A nursing home’s policy of accommodating only restrictions from work-related incidents could be pretext for pregnancy discrimination, a federal appeals court ruled, reversing summary judgment in favor of the nursing home.  Jennifer Latowski v. Northwoods Nursing Center, No. 12-2408 (6th Cir. Dec. 23, 2013).

After learning that a nursing assistant was pregnant, the nursing home requested that she provide a doctor’s note stating she had no employment restrictions.  The nursing home terminated her employment after her doctor faxed a note stating that her only restriction was no lifting over 50 pounds.  The basis for the termination was the nursing home’s policy to accommodate only those restrictions resulting from work-related incidents.

After her termination, the nursing assistant filed a charge with the EEOC and later brought suit in federal district court alleging violations of Title VII of the Civil Rights Act, as amended by the Pregnancy Discrimination Act, the Americans with Disabilities Act (“ADA”), the Family and Medical Leave Act (“FMLA”), and related state claims.  The district court granted summary judgment in favor of the nursing home on all claims.

On appeal, the Sixth Circuit reversed the grant of summary judgment on the pregnancy discrimination claims.  In support of its decision, the Sixth Circuit found the nursing assistant established a prima facie case of pregnancy discrimination and noted that a reasonable jury “could easily conclude” the nursing home’s decision to “implement a policy terminating otherwise qualified workers whose doctors imposed any restrictions arising from non-workplace injuries, even if those restrictions do not limit the employees’ ability to competently perform their jobs — is so lacking in merit as to be a pretext for discrimination.”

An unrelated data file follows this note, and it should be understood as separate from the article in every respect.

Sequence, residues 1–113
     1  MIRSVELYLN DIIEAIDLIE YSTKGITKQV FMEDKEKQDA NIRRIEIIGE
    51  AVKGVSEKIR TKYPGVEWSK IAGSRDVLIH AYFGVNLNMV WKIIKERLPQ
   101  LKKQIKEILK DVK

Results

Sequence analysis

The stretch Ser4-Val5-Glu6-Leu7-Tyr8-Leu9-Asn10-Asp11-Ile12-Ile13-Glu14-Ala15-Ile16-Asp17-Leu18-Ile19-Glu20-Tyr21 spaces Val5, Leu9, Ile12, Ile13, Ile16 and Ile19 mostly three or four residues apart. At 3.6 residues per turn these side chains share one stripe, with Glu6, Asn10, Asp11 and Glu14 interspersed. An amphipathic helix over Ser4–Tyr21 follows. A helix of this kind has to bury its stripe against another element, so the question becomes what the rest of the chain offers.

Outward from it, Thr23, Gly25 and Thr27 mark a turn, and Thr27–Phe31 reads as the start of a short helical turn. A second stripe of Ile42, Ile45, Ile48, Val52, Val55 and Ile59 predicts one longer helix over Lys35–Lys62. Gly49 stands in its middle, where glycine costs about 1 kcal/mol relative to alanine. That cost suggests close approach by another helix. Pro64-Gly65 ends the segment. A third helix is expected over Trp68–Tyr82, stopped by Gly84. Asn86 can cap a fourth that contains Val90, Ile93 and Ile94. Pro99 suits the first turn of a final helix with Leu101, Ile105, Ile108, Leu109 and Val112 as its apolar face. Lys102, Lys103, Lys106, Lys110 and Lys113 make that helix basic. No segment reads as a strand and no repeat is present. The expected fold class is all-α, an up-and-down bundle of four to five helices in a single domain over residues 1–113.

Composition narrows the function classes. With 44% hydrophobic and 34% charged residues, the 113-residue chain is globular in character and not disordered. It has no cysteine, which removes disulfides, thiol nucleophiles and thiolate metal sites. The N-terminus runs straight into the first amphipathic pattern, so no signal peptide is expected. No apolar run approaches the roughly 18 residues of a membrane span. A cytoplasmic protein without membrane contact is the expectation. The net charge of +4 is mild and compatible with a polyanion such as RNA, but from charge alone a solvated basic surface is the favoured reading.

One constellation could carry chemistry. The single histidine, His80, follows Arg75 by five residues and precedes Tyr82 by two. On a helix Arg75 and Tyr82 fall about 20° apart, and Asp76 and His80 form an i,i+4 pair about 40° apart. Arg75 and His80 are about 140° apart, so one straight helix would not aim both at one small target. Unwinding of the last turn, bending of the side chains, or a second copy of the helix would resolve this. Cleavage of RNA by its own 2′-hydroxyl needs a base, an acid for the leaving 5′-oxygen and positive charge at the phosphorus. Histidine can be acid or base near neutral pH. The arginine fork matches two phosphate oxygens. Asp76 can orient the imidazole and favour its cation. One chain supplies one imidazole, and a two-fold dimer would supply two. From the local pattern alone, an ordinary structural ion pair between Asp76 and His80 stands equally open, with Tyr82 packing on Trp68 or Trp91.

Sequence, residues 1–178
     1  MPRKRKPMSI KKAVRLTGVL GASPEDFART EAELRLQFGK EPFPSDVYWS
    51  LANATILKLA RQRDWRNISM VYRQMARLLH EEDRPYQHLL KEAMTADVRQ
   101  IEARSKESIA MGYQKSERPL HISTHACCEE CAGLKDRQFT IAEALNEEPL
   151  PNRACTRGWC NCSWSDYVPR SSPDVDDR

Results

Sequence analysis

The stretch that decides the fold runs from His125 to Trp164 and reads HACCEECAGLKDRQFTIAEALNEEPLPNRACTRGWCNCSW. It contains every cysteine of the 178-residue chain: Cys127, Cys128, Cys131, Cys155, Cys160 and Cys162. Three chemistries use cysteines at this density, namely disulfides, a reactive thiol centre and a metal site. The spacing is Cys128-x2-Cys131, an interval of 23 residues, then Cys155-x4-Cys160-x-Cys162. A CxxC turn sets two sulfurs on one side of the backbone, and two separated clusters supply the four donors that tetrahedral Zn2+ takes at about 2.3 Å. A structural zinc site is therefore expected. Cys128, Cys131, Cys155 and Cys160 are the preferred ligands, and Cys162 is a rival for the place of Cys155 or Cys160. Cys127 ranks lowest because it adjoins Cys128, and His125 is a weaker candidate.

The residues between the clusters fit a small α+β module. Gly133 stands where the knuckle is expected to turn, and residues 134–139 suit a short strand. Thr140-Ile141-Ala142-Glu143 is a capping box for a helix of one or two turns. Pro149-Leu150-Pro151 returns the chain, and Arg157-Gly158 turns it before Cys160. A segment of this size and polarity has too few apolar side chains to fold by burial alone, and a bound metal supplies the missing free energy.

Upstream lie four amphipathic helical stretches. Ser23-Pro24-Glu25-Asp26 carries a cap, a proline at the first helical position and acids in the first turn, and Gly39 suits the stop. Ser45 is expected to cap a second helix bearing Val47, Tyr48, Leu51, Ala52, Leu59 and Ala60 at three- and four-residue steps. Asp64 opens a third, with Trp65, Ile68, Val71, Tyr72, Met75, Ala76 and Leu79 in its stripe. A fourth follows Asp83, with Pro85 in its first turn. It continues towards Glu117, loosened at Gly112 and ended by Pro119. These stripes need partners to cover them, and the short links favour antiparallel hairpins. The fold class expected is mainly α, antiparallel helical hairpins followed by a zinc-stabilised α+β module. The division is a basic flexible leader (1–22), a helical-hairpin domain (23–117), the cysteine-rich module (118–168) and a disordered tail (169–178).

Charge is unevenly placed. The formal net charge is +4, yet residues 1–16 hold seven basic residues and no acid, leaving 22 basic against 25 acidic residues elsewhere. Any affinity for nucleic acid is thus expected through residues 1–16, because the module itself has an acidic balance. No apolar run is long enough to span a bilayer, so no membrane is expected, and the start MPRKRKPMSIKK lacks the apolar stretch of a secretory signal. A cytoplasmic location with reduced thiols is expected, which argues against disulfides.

In addition to the policy, the Sixth Circuit considered statements by nursing home administrators regarding their concerns that by continuing to work the nursing assistant would jeopardize her health and that of her child and that her “belly would be in the way.”  The Court found these comments raised the inference that the policy was merely pretext for discriminatory animus against pregnant women. 

While it remanded the pregnancy discrimination claims to the district court, the Sixth Circuit upheld the grant of summary judgment on the other claims.  It found no evidence that the employer regarded the nursing assistant as disabled and found that the FMLA claim was not ripe and could not be proven because the nursing assistant did not request FMLA leave before her termination. 

This case highlights the importance of having counsel review workplace policies regarding leaves of absence, accommodations, and light duty, as well as training managers on their obligations under the state and federal employment laws.